While the proportion of women receiving tenure-track offers to join Harvard University’s Faculty of Arts and Sciences rose for the third straight year in 2005-6, the share of women who accepted positions declined dramatically, according to an internal report.
In what the report's author calls a "troubling reversal," slightly more than 20 percent of those who accepted tenure-track offers in Harvard's main undergraduate college last year were women, down from 40 percent in 2004-5. Thirty-nine percent of tenure-track offers were to women last year.
Women have tended to accept Harvard’s offers at a higher rate than men over the past few years, according to the report, but not so last year.
“It's surprising that at the tenure-track level, we had a hard time recruiting women last year," said Lisa L. Martin, the report's author and a professor of international affairs.
A year ago, Martin was named senior adviser to the arts and sciences dean on diversity issues. The findings on women's offers and acceptances come from her first annual report, delivered to the college's faculty last week.
The report does not specify exactly how many women accepted Harvard's offers last year but sheds light on a university that has publicly dealt with the issue of female faculty. Early last year, then-president Lawrence H. Summers suggested in a speech that one reason there are relatively few women in top positions in science may be “issues of intrinsic aptitude." The comments created considerable controversy that many say contributed to Summers's downfall.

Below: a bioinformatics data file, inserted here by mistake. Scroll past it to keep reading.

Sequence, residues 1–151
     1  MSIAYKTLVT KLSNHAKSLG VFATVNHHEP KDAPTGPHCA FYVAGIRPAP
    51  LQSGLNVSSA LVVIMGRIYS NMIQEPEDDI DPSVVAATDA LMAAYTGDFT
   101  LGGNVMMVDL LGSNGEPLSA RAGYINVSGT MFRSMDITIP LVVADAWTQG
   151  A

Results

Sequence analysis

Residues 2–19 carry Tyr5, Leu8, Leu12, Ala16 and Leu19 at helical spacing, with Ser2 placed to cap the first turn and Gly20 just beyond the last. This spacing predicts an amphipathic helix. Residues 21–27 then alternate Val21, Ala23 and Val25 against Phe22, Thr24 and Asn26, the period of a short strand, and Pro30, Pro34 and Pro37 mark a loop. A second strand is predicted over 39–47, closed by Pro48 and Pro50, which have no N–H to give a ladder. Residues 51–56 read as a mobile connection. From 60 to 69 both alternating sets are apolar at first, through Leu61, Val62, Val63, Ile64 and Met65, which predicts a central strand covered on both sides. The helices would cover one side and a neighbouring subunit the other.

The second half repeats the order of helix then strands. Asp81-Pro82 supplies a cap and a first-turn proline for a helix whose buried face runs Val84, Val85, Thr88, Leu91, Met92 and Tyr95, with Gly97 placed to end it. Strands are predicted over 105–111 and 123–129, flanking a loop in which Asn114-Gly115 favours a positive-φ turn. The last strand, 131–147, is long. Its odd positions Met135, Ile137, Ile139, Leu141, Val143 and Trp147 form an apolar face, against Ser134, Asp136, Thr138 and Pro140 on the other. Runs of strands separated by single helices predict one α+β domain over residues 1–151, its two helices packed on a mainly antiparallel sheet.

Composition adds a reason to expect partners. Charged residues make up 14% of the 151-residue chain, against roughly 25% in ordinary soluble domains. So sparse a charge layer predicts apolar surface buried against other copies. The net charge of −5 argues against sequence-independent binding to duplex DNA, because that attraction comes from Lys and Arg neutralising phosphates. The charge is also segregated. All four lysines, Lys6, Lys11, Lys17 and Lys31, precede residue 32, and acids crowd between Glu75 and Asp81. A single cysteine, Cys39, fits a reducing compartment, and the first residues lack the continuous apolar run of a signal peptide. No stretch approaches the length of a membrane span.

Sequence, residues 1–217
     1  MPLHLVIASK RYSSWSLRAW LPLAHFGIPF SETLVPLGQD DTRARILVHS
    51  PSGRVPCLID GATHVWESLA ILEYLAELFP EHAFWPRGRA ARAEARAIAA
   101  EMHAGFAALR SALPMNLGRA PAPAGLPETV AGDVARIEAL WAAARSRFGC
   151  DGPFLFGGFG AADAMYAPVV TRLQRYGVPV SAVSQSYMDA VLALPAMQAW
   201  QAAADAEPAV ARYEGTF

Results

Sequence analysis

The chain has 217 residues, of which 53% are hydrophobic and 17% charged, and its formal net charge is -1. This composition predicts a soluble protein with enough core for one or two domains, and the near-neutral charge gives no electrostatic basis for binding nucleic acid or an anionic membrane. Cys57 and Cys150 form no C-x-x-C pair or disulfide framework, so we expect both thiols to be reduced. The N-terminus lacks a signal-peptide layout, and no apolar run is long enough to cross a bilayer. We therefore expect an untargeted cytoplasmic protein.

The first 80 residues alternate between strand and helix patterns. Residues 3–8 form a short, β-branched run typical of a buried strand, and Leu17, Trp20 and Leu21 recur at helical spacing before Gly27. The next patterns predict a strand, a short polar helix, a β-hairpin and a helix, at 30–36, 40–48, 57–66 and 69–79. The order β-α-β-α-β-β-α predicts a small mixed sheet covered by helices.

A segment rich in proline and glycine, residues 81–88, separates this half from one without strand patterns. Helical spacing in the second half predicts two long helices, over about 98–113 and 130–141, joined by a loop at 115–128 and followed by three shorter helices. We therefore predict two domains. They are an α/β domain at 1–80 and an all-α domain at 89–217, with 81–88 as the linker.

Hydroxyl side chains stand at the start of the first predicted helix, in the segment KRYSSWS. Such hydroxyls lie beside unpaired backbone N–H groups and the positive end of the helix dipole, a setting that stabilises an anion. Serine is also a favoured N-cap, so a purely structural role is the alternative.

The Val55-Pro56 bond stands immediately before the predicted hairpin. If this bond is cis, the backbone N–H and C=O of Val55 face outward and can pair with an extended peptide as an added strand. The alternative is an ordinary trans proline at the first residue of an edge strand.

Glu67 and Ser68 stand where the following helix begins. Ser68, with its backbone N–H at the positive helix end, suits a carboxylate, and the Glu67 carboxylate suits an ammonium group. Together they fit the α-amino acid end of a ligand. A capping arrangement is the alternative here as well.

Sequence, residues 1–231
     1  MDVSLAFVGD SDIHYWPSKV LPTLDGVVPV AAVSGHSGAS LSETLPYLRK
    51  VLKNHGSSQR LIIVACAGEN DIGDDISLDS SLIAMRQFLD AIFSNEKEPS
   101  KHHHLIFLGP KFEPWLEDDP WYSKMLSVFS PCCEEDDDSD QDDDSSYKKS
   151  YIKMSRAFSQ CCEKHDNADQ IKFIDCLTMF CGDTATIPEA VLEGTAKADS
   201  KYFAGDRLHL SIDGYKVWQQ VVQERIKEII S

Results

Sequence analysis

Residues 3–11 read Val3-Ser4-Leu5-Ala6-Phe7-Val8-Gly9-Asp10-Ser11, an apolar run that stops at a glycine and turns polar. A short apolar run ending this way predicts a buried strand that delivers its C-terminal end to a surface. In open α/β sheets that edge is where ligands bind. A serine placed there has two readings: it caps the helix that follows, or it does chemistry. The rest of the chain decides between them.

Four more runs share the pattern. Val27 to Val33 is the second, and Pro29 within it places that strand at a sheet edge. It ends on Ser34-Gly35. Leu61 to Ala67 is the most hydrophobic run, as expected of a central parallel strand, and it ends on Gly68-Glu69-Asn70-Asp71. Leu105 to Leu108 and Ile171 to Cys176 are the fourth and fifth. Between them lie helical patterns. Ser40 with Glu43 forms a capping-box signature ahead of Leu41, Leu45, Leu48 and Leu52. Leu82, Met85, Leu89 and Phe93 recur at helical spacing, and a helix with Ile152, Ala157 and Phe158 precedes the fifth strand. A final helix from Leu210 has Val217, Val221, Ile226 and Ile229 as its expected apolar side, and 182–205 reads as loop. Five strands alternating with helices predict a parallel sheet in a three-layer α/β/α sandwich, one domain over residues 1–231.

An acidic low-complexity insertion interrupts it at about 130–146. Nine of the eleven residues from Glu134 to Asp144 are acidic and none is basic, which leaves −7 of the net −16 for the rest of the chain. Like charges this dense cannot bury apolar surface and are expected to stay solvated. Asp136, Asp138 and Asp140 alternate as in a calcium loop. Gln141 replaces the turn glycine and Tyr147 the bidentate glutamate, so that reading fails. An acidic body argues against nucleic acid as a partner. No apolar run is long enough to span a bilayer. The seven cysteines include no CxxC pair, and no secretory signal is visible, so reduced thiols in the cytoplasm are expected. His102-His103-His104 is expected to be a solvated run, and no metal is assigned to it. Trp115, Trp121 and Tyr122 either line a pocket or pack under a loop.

Martin said it is hard to say what kind of effect the Summers controversy had on the recruitment of women at Harvard.
The report shows that Harvard continues to have trouble recruiting female faculty members in the humanities. Roughly 35 percent of humanities tenure-track faculty are women, even though the proportion of Ph.D. earners in those fields who are women is well over 50 percent.
Since female faculty recruitment at Harvard generally improved in the 1990s, Martin said complacency has probably been a factor. "A lot of people thought there wasn't a problem anymore," she said. “What this report drives home is that the hiring of women is an issue that requires constant attention."
Regular factors such as cost of living and family obligations might have deterred some women from accepting tenure-track offers last year, Martin said. The report shows that a growing number of faculty members live outside of Cambridge, and that women said having to leave early from faculty meetings to commute home was an issue. Martin said it is unlikely that faculty members decided to accept jobs at other Ivy League universities en masse, because the competitors see similar numbers.
She added that the data are from early summer, meaning that some female faculty members were still making up their minds. "It's just one year, and it's too early to call it a trend, but this is something I want to flag," Martin said.
Added Jane Mansbridge, a professor at the Kennedy School of Government: "It's too early to tell if the failure of more women than usual to agree to come to Harvard last year was the result of specific historical circumstances, continuing problems (e.g., finding jobs for spouses), or a statistical random blip in the data. If the trend continues, we will have fairly good evidence that the cause is some combination of continuing structural problems. But at the same time the faculty and deans of the schools will be taking steps to try to resolve those continuing problems. So we may never have a precise analysis of the cause."
Harvard has already announced efforts designed to turn around the female acceptance numbers. Among them is a new policy that allows mothers in the arts and sciences college an eight-week maternity leave coincident with giving birth -- which exceeds the guidelines for maternity-parental leave announced by the senior vice provost this year. Academic departments are also taking part in a mentorship program that pairs tenured female faculty with women in tenure-track positions.